Despite its relative obscurity Xīnyíng 新營 is the largest settlement along the railway line between metropolitan Tainan City 台南市 and Chiayi City 嘉義市. It is the former capital of Tainan County prior to amalgamation in 2010 and remains the second administrative seat of Tainan 台南 alongside Ānpíng 安平. Located on the broad and fertile Chianan Plain 嘉南平原, it was also an important transportation hub for the sugar industry, and what remains of the Japanese colonial era sugar factory can still be found on the south side of town. These facts—the size of the town, its former importance, and the presence of a sugar factory—suggest that Xinying was almost certainly home to several standalone movie theaters in its heyday. After doing some research online I established that this was indeed the case—and in February 2017 I swung through to investigate rumours of several old theaters. One of these turned out to be a rather unusual example of a ruined KMT authoritarian era cinema by the name of Chénggōng Theater 成功戲院.
Old entertainment districts are typically located in the vicinity of the main train station in small to mid-sized Taiwanese cities like Xīnyíng 新營 but the sugar factory, with its thousands of workers, pulled the economic center of gravity to the southwest. All six theaters I found information about were located in the area just north of a bridge leading over the sugar railway tracks from the factory itself. The oldest of these was founded in 1933 as Xīnxìtái 新戲臺 and destroyed during World War II. The eponymous Xinying Theater 新營戲院 was built in the post-war period and ran for decades before it was demolished sometime in the last few years. Kānglè Theater 康樂戲院 appears to arrived on the scene somewhat later and closed in 2002. I went to have a look but it didn’t look all that interesting nor was it accessible.
This brings us to the ruins of Chenggong Theater 成功戲院, later known as Xìrúrénshēng Grand Theater 戲如人生大戲院1 prior to going out of business in the late 1990s. Some local photobloggers have done a great job documenting this old theater after it nearly burned down in 2011. This appears to have been the pretext for sharing a bunch of before and after pictures here and here. The author mentions that property rights were transferred in 2012 and the theater was scheduled for demolition—so when I visited in 2017 I wasn’t expecting to find anything left of it.
Chenggong Theater is set back from the street a ways and, as such, it isn’t visible on Google Street View. I only had a very general idea of where it might be based on sleuthing around satellite maps for theater-sized buildings and looking up the names of some businesses that appear in the photographs of the previously cited bloggers. Armed with this basic information and no expectations I did a lap around the block looking for clues. The first time around I walked by the entrance without realizing it—but as soon as I came around the other side of the block I saw the stark outlines of the mostly demolished theater on the far side of a fence at the back of a parking lot. Circling back, I found a bunch of old aunties chatting in the shade of an awning across from the entranceway. Since they took notice of me I asked permission to take some photos and they warmly waved me in. Thanks, aunties!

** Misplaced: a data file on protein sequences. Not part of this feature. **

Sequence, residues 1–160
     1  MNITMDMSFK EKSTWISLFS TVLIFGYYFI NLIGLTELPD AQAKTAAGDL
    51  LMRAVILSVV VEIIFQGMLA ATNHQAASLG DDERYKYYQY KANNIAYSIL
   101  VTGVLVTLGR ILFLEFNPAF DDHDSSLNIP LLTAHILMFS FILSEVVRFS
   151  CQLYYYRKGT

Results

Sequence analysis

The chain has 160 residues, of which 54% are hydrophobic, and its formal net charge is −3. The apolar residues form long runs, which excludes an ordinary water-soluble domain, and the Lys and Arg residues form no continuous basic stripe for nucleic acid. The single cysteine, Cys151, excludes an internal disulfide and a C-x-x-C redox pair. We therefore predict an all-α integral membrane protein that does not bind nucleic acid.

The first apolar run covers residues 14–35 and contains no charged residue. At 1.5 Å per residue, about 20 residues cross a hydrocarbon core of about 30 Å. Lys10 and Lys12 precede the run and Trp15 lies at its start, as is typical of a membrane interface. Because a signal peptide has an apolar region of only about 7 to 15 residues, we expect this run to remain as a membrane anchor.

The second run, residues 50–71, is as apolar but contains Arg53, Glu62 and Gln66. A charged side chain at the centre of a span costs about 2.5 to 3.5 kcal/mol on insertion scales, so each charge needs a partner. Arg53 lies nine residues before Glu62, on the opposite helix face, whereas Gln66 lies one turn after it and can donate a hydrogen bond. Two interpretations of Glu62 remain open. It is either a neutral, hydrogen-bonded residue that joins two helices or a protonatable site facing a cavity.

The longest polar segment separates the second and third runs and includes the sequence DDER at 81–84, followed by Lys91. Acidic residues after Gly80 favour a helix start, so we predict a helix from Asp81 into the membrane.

The interior of the old theater proved to be mostly empty. After the fire most of the debris has been removed and some effort has been undertaken to tidy things up. Most curious is the fact that whoever knocked down most of the walls and removed all the rubbish inside didn’t finish the job. Miraculously, the back third of the building is still standing, and a vintage movie projector remains in place, rusting under the open sky.
I am intensely curious about the history of the remaining projector but haven’t found anything at all about it online. It was manufactured by The Cow Co., Ltd., and it’s branded as a Super Cow High Intensity Arc Lamp, but Google reveals nothing. I wonder if it’s an older carbon arc lamp, which were in use until the mid-1960s, or a newer xenon arc lamp? It certainly looks like an antique from the 1940s or 1950s.
What will become of the shattered remains of this old theater now? I can’t imagine it remaining hidden behind the market streets of Xinying for very long. While the town’s fortunes have obviously faded such real estate is still highly-prized—which may have something to do with that mysterious fire—but it’s just as unusual that anything remains at all. Chenggong Theater was never big or fancy but its present level of exposure to the elements conspire to make it a rather unique object of interest for those of us documenting the decline and disappearance of the theater industry in Taiwan.
- This is an odd name for a theater in Taiwan and I’m not entirely certain of the subtext. A literal translation would be “a film is like life”, a reversal of “life is like a film”. Sometimes you’ll see both these expressions paired together, for instance: “人生如戲，戲如人生”. Other times it’s “life is like a film, but it cannot be rewound” 人生如戲，但是不能倒帶重播. ↩